KLM website was easy to use, after I cleared initial hurdle or figuring out which country specific version I wanted. Saturday early morning I rushed to CPH airport- didn't find any counters for KLM. That wasn't a problem because I had web checkin and I had no baggage to check in. But need to locate their counter because I need it to check in baggage next time. Most of European airports operate with bar code enabled boarding passes- no one asks for physical copy of tickets or ID proof for schengen flights. A scanning device scans the boarding pass and lets passengers in. Approx time needed to clear security is also displayed I cleared security and went to the gate. Boarding started on time but as I passed through, I got a slip that said my seat has been changed- from 18A to 30A. I don't know why.
Flight was normal. In flight magazine was fine. I feel legspace in a Boeing 737-800 that KLM operates is an inch or more compared to cramped economy seats in an A320 in other airlines. A cold sandwich was served, which I couldn't eat as it had egg. Through their twitter handle I had got confirmation that in short haul flights it is not possible to entertain food preference. On the return trip I got some nachos (chips). Flight lasted for about an hour. View of Amsterdam from top was nice. 

During return, I went to an open area inside Schiphol airport and clicked some pictures of KLM aircrafts. In the pic below a KLM Pilot is seen closing the window after waving at crowd (I missed clicking his hand outside the window)
Despite being oldest, KLM is not the largest airline in terms of number of planes, no of passengers flown etc. They haven't grown as rapidly as other carriers. To give an example, Airfrance that started 14 years after KLM has nearly twice the number of planes and flies twice the number of passengers every year. KLM still doesn't have an A380 in its fleet. But that is fine. Growth is not the only thing that measures success. KLM merged with Air France few years ago. With a dozen other partner airlines, they provide connectivity to almost all over the world. Best wishes to KLM on their upcoming 100th year. Fly more to India.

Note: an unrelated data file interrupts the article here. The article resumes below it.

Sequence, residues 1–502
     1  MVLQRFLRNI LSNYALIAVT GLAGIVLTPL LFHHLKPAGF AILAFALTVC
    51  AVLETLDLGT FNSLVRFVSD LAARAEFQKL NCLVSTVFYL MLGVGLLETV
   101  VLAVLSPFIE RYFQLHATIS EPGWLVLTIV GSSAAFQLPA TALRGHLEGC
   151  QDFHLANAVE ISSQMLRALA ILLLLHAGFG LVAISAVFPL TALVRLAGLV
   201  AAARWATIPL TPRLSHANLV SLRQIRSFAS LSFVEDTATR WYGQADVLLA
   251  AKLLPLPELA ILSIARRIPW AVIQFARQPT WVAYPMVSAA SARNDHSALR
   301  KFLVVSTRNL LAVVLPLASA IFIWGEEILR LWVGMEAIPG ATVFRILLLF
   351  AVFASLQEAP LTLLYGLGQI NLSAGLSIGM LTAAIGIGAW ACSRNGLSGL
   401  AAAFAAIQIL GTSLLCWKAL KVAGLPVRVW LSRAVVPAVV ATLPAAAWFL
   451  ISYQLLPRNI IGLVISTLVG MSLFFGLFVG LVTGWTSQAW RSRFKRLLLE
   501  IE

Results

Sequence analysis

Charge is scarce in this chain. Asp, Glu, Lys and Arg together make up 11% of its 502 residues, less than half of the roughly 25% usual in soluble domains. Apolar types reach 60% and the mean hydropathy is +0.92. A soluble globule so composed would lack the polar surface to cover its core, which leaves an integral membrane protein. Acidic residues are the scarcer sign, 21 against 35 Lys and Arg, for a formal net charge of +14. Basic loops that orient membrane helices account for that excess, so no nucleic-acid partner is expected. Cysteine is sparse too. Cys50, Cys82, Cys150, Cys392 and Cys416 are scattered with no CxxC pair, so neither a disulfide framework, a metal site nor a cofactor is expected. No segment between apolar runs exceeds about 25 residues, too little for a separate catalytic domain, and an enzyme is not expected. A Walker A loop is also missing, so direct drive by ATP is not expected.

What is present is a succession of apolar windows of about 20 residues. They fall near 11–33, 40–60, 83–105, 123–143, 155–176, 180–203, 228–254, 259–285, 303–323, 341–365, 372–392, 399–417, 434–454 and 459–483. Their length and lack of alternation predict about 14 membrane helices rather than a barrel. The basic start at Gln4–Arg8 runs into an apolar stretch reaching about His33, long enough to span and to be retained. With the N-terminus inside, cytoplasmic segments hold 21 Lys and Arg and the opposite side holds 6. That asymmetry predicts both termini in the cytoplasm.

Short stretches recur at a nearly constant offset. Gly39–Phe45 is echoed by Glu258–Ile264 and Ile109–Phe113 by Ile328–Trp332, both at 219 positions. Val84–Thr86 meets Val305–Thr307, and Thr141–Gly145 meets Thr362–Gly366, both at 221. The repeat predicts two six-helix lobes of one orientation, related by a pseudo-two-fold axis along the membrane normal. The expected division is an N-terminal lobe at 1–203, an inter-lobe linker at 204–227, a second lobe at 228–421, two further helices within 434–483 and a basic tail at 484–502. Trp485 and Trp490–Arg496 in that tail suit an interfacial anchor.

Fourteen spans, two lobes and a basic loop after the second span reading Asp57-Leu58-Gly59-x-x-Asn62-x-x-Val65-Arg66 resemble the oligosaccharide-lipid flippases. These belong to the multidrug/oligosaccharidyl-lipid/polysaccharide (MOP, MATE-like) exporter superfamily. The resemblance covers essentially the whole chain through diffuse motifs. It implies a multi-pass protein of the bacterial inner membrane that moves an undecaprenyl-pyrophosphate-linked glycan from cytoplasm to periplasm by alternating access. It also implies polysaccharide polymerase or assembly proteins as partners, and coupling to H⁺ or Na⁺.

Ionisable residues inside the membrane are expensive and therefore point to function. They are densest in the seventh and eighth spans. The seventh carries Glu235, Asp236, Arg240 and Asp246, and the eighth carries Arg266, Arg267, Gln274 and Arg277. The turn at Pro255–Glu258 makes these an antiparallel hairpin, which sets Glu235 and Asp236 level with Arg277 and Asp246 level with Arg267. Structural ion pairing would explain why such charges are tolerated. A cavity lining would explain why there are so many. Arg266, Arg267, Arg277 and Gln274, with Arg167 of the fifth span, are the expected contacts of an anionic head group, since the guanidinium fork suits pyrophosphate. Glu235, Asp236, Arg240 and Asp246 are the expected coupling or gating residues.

Similar: Tigerair Experience * Airfrance Premium Economy ExperienceAirCosta experience *

Tuesday, August 25, 2015

Waterworld Live Stunt show at Universal Studios Singapore

Waterworld is a stunt show at Universal Studios, Singapore. This show happens two times a day, at pre-fixed time- 1.30 PM and 4 PM. Lasts about 30 odd minutes.

This stunt show is based on 1995 movie, Waterworld, directed by Kevin Reynolds. Plot happens in 2500 when all of Polar ice has melted, submerging the land. Only a small number of survivors are still alive, desperate to find some dry land where they can settle. And as in any movies there're some bad guys with evil intentions and the lead pair need to fight them out to survive and save the planet-whatever is left of it. More details about the movie on Wikipedia here
 Closeup of lead pair
  Planes in action
The live stunt show involves lots of shooting, fire, jumping into water, boat rides, explosions and lots more action. Doesn't matter you know the story or not, the live stunts at Waterworld will keep you at the edge of the seat. Even a small seaplane crashes into water suddenly, catching spectators off guard. Bad guy is easy to recognize, as one of his eyes is masked. He tries all possible means to kill the lead pair but despite several near death incident, they emerge victorious.
The stage and the seating
 Some happy moments after emerging victorious!


 
 Lots of fire everywhere


Be advised- if you sit too close to the show area, you are likely to get wet. Be prepared for that. Else take a seat in the back half of the seating area.You may also want to read Desitraveler's version of this topic. He has got some nice pics and story.
So when in Universal Studious remember the time- 1.30PM and 4PM. Read my previous post on Optimizing your time and experience at USS. Read other Singapore posts here.